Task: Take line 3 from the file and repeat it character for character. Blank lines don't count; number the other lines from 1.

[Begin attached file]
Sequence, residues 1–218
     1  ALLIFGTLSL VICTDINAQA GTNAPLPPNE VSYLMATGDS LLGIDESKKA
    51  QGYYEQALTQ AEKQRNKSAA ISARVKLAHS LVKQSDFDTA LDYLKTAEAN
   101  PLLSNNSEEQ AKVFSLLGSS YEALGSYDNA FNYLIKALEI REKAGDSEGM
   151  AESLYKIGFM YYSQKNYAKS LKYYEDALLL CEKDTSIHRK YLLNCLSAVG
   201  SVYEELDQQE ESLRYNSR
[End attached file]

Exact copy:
    51  QGYYEQALTQ AEKQRNKSAA ISARVKLAHS LVKQSDFDTA LDYLKTAEAN